Strategy changes dramatically based on how many Ghostbusters are local to the Player: sometimes there are five Ghostbusters, sometimes only two, and sometimes the player is all alone, and no help is fast coming.
PSU: Is Ghostbusters: The Videogame all about capturing ghosts or are there other gameplay elements to look forward to?
Goss: Capturing ghosts is only part of the experience. The gameplay is composed of physics manipulation and epic destruction, spooky exploration, collection elements, and tactical shooting, all wrapped in an incredible story.
PSU: Is there freedom to explore locations or does the game have a strictly linear progression?
Goss: The story is a linear progression and missions will advance to support that story, but the player has a great deal of freedom within the context of actual gameplay. There is often more than one way to capture the ghost of a skinned cat!
PSU: Ghostbusters: The Videogame will be the first title to use the ‘Infernal’ game engine, how has this technology helped you to achieve the desired affect?
Goss: Ghostbusters: The Video Game may be the first Gen 3 title (in addition to powering Wii, PS2, PSP, and PC versions) to ship with Infernal Engine, but it is not the first use of the technology. Terminal Reality has been developing and using Infernal Engine for over 5 years. Technology, or more specifically the lack of it, was the reason that this game has not been done earlier. Sony and the talent were adamant that before they got involved with a Ghostbusters game, the tech had to be capable of providing an authentic Ghostbusters experience, and that required graphics and physics tech--spanning all platforms. This is something that is a specialty of the Infernal Engine and the reason why Ghostbusters: The Video Game can come out on all major platforms simultaneously.
PSU: Judging from the trailers, teamwork obviously plays a part in the game, specifically when trapping ghosts. This opens up the door nicely for co-op gameplay, right?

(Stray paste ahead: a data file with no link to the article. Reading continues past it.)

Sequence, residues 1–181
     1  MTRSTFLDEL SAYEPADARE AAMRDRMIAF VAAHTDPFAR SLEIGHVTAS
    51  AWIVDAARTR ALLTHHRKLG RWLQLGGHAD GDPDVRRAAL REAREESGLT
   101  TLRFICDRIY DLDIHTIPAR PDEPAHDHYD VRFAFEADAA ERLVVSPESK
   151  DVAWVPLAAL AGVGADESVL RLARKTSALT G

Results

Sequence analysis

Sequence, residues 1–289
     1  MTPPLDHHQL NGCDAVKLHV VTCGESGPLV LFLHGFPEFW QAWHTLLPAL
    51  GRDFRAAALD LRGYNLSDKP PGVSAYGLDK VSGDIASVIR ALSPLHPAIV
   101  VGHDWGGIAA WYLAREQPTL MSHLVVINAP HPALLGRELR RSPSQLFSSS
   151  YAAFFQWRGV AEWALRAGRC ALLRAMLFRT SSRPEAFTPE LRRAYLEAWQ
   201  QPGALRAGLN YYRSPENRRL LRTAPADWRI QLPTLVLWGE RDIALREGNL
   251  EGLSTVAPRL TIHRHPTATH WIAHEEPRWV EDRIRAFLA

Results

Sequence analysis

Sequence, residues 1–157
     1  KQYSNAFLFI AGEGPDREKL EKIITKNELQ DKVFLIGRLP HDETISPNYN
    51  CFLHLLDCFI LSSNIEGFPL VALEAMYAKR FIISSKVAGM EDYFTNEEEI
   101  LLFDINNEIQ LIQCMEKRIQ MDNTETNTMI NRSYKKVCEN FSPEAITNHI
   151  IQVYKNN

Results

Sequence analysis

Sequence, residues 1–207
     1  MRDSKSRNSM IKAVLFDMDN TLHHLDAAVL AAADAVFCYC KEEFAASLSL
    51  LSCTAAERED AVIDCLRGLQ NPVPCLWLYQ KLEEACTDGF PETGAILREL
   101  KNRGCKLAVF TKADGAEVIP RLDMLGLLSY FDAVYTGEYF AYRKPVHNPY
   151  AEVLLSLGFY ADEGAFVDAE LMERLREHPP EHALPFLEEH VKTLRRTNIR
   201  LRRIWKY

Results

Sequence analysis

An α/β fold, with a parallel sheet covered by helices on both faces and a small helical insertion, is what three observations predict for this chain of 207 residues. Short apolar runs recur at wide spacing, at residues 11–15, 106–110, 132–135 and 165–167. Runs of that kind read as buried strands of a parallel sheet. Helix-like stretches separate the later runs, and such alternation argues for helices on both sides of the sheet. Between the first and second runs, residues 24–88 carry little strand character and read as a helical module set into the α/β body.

Goss: We want the player to feel as though they are part of the team and the Ghostbusters experience is happening all around them. Whether the player is in single player or in multiplayer, we have gone to great lengths to really make you feel like you are part of the team.
PSU: The Playstation 3 is the lead development platform for Ghostbusters: The Videogame. What influenced this decision?
Goss: The PS3 is a more demanding system to develop on and it is what the Infernal Engine was designed to exploit from the ground up. With the multiple SPU’s it has onboard a solid multithreaded engine design can really take advantage of that and give you some amazing results.
PSU: Will there be any exclusive content across the different platforms?
PSU: Is the release of Ghostbusters: The Videogame still set to coincide with the 25th anniversary of the first film's theatrical debut?
Atari, Sony Pictures, and Terminal Reality are thrilled that Ghostbusters The Video Game will be available to fans around the world for the 25th anniversary of the first film.
PSU would like to thank Goss for taking the time to answer our questions.